A recent study by Dr. Kerry Emanuel, professor and co-director of the Lorenz Center at the Massachusetts Institute of Technology (MIT), looked into how global warming may complicate hurricane forecasting in the future. The findings were published in an article titled, “Will Global Warming Make Hurricane Forecasting More Difficult?” in the March 2017 edition of the Bulletin of the American Meteorological Society (BAMS)
In the U.S., the frequency of tropical cyclones is projected to increase by 118% with a 10% increase in maximum speed. This can lead to greater damage and destruction, especially along coastlines and in coastal megacities where the populations have been increasing, and are expected to continue growing well into the next few decades. Globally, the population exposed to tropical cyclone hazards increased by 200% from 1970 to 2010.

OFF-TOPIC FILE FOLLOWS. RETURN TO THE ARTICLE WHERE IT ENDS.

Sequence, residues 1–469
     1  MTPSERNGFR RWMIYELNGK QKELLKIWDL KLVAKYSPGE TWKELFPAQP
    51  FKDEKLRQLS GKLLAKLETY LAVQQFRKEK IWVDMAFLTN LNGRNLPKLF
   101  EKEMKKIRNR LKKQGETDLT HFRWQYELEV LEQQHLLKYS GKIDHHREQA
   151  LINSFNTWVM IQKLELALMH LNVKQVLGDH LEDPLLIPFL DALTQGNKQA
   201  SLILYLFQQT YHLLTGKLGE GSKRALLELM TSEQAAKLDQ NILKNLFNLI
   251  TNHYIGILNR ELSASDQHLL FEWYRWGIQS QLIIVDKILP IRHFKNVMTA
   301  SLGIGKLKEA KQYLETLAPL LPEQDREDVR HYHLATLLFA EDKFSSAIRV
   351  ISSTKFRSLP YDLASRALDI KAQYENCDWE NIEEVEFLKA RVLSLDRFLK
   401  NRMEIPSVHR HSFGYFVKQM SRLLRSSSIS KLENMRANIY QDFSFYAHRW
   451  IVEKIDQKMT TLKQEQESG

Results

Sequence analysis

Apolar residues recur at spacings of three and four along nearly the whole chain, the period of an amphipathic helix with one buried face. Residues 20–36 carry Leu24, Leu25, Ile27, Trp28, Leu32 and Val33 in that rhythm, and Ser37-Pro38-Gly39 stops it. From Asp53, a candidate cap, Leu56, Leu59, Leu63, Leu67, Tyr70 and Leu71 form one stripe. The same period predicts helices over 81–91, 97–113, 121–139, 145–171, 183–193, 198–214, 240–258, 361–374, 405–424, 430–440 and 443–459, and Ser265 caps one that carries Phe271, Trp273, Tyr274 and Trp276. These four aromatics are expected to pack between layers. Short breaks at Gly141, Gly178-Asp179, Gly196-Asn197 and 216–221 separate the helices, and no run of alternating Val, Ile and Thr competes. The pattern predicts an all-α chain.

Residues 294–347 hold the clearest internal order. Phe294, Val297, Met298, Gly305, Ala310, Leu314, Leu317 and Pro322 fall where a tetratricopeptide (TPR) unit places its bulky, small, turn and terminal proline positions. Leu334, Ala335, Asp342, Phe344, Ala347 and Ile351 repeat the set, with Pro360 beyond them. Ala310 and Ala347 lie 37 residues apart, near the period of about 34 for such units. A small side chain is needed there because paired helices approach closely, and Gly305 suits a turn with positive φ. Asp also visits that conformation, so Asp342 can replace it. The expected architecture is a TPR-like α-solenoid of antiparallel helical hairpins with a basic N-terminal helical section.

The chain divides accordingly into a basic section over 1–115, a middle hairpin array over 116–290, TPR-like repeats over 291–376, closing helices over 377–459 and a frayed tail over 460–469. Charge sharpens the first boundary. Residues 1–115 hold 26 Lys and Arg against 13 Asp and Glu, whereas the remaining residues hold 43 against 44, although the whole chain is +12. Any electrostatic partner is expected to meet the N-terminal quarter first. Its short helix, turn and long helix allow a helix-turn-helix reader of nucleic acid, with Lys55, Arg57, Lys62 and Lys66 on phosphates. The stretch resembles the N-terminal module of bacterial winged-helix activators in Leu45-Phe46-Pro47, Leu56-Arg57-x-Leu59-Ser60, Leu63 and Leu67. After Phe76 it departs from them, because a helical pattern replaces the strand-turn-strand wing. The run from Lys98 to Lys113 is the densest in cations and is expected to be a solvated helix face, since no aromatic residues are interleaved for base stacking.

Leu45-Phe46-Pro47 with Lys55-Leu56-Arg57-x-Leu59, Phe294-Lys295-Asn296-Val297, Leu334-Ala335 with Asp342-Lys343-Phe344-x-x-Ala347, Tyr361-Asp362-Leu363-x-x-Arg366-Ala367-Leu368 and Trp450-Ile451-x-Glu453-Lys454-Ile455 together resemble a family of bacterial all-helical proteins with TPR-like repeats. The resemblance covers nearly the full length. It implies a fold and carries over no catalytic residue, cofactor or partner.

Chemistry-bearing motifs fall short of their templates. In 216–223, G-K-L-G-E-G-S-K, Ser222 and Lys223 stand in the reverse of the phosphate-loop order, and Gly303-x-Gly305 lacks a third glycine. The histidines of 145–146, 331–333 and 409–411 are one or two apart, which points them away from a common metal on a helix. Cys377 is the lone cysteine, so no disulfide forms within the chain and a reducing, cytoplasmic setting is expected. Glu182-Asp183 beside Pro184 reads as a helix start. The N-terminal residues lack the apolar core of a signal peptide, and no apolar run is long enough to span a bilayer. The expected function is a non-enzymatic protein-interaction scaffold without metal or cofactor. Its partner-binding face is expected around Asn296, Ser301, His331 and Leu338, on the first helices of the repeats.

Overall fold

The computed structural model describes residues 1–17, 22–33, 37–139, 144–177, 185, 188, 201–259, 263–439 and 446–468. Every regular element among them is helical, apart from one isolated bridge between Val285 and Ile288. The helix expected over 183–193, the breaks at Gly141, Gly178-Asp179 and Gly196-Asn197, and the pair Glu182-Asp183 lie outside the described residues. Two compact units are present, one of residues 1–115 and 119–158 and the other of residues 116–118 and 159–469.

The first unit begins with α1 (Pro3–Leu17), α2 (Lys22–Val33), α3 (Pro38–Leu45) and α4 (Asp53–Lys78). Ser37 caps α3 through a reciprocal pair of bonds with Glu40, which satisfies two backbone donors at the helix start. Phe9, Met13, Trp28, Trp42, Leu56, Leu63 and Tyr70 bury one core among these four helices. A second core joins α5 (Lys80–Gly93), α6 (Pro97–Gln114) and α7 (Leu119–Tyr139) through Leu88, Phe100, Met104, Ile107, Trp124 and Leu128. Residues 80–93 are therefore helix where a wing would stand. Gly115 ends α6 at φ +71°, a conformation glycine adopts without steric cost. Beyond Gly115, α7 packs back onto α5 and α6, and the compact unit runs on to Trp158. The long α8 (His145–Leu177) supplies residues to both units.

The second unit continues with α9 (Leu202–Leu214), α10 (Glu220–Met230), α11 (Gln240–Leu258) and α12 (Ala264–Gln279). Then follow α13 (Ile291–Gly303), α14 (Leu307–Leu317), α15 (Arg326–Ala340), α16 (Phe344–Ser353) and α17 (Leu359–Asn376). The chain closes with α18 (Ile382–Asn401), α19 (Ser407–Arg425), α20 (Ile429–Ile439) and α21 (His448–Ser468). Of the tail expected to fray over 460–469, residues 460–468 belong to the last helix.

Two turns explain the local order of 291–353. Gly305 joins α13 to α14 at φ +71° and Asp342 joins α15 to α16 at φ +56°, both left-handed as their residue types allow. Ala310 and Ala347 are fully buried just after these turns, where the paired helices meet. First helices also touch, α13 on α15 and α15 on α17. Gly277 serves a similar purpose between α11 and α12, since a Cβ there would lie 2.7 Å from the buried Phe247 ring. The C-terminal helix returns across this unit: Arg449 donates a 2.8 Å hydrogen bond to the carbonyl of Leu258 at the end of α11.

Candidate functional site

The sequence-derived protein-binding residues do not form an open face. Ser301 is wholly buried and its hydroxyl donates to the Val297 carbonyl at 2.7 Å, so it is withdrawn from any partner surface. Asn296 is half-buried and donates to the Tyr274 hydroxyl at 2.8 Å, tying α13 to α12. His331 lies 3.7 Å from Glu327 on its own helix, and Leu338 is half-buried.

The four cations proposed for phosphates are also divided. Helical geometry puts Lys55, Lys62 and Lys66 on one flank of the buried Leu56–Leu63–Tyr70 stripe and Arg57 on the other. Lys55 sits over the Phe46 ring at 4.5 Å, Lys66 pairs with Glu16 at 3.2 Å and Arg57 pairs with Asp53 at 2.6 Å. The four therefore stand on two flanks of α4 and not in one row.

Major U.S. metropolitan areas including Houston, New Orleans, Tampa, and Miami are increasingly vulnerable in the face of rapidly intensifying hurricane landfalls. Difficulty in forecasting these intensified extreme events, combined with unbridled population growth in such areas, can lead to major issues in disaster planning and response.